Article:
When it became clear at the beginning of the season that we would most likely be short of staff and volunteer help in the walled garden this year Bev, senior gardener in the walled garden, made the decision to not sow many crops. It takes a huge amount of work to grow, plant out, care for and harvest the crops we grow each year in the walled garden and we didn’t want to waste seeds on growing crops we would be unable to care for fully throughout the season.
In order to avoid having large areas of empty beds green manures were sown in large patches, this was to help with keeping the weeds down and to help with improving the soil. We use green manures often in the walled garden and have been experimenting with using them more and in different ways throughout the growing season for different reasons.
Green manures are plants grown with the intention of ameliorating the soil in some way. This could be by adding nutrients, improving the soil structure or increasing the organic content or the soil. Some green manures can be used to help with breaking up compacted soils and others can be used overwinter to help reduce soil erosion when beds may otherwise be empty. At the end of the growing season (or seasons for some green manures) the plants are incorporated into the soil, the aim is to ensure the green manure is fully aerobically decomposed. The tops of the plants can be shredded on the surface before hand and allowed to wilt, after then the roots can be turned in. This may be done by hand or with a machine, either way it is key that it is not incorporated deeply, around 15cm deep, as otherwise you will break up the channels that the roots will have opened up deeper down and potentially undo the soil structure improvements that will have happened. The soil needs to be left after green manure is turned in for a few weeks before it is sown or planted again with the next crop. This is due to the microbes that rapidly multiply in the soil to break down the organic matter require nitrogen to carry out this process and so the nitrogen in the soil is temporarily ‘locked up’ but will be available again for plants once the green manures have been fully composted in the soil.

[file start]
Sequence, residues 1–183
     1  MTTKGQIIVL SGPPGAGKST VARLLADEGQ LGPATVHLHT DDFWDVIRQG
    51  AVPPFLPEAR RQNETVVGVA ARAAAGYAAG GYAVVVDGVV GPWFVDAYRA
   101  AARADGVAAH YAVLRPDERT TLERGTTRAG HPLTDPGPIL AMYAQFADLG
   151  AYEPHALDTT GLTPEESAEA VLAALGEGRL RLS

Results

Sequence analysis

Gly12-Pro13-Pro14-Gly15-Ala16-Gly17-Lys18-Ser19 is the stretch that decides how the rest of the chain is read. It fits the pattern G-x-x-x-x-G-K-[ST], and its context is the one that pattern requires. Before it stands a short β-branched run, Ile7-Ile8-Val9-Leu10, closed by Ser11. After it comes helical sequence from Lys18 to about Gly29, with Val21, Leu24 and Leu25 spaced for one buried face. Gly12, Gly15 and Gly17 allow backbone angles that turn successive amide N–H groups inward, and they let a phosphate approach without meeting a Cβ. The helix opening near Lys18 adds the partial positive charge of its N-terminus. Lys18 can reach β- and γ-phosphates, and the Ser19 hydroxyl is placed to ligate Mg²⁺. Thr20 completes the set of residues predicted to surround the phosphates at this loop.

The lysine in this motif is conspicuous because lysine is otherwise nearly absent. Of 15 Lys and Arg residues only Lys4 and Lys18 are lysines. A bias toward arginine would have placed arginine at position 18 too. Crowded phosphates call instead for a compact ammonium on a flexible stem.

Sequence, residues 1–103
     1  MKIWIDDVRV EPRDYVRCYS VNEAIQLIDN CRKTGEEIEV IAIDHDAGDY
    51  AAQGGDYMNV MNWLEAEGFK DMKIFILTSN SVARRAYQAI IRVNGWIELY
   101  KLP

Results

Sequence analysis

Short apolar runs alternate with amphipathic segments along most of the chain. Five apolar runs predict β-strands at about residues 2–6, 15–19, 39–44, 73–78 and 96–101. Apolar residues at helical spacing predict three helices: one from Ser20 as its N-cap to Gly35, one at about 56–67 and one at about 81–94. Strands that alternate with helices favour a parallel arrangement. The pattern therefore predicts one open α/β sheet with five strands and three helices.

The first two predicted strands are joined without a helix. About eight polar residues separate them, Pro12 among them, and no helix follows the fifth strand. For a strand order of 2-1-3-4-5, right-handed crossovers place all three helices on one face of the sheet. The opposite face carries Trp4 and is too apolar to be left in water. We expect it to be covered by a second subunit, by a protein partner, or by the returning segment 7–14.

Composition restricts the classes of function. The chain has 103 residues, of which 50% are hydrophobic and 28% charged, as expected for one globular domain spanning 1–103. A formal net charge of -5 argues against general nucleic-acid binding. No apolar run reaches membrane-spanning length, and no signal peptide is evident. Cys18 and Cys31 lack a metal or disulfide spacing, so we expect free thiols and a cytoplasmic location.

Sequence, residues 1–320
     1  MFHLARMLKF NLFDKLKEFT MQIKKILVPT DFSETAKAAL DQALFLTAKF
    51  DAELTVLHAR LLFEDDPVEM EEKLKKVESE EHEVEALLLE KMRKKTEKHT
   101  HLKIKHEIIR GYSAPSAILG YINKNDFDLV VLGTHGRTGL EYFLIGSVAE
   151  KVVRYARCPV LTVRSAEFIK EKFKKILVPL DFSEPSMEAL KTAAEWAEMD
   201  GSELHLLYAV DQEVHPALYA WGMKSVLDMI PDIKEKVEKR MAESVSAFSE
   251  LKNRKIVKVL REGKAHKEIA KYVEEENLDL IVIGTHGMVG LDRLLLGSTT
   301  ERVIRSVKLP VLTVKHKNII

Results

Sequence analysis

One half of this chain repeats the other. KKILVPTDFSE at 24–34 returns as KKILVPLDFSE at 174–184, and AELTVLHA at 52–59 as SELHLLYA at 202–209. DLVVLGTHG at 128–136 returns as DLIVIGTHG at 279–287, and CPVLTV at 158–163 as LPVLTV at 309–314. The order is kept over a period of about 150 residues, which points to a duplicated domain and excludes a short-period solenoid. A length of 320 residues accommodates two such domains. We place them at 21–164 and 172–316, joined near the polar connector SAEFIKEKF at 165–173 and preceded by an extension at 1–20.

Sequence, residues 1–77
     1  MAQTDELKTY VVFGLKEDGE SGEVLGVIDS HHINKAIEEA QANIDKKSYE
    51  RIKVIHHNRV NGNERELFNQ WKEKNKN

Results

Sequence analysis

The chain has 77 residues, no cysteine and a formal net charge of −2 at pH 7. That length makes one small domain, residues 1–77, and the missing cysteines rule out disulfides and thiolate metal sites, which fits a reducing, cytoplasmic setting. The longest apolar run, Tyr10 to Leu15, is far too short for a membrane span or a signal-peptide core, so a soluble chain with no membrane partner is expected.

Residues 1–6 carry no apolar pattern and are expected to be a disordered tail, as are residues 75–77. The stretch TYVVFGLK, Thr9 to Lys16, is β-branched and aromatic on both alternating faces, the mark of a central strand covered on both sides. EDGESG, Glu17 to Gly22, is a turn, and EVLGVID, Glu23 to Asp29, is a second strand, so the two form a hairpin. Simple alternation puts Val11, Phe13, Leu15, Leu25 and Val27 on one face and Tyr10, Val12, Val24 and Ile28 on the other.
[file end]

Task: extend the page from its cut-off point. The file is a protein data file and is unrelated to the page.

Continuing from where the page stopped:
The simplest way to use green manures is to incorporate them into the growing rotation plan in a kitchen garden or to use them as cover crops for the winter or when beds will sit empty for some time. They can also be used however in strips between edible crops or to undersow a crop with the intention of allowing the green manure to spread and take over once the crop has finished. Undersowing is a good way to incorporate winter green manures into the rotation as they will be more established at the end of the crop growing season and more ready to fully cover a bed for winter.
In the walled garden at Knightshayes we use green manures as a way to improve soil structure and nutrient levels but also to cover the beds for winter. We are experimenting with using them more throughout the growing season and using different plants for different reasons, chicory for example is a great green manure to break up compaction. This season we have used green manures to help cover large areas where we have not grown crops and so would have had large empty beds rips for weeds to take over. We have used Phacelia, which is a beautiful plant related to Borage and great for bees as well as good as suppressing weeds, white clover as a short season green manure to improve nitrogen levels in the soil (although this can be used for paths for many years if the right variety is chosen), red clover as a green manure for a few seasons (initially as strips between other crops but now a full bed after this year) which is great for nitrogen fixation and also improving soil structure thanks to its deeper tap root and branching root system and chicory which is a biennial plant (produces a rosette of leaves in the first year and throws up a flower stem the following year whilst putting down a tap root) that can help with alleviating compaction when it puts down tap roots in the second season. Overwinter we will use a combination of Italian ryegrass and field beans to protect the soil and help with weed suppression also.
A good example of making use of green manure as stated in the editorial .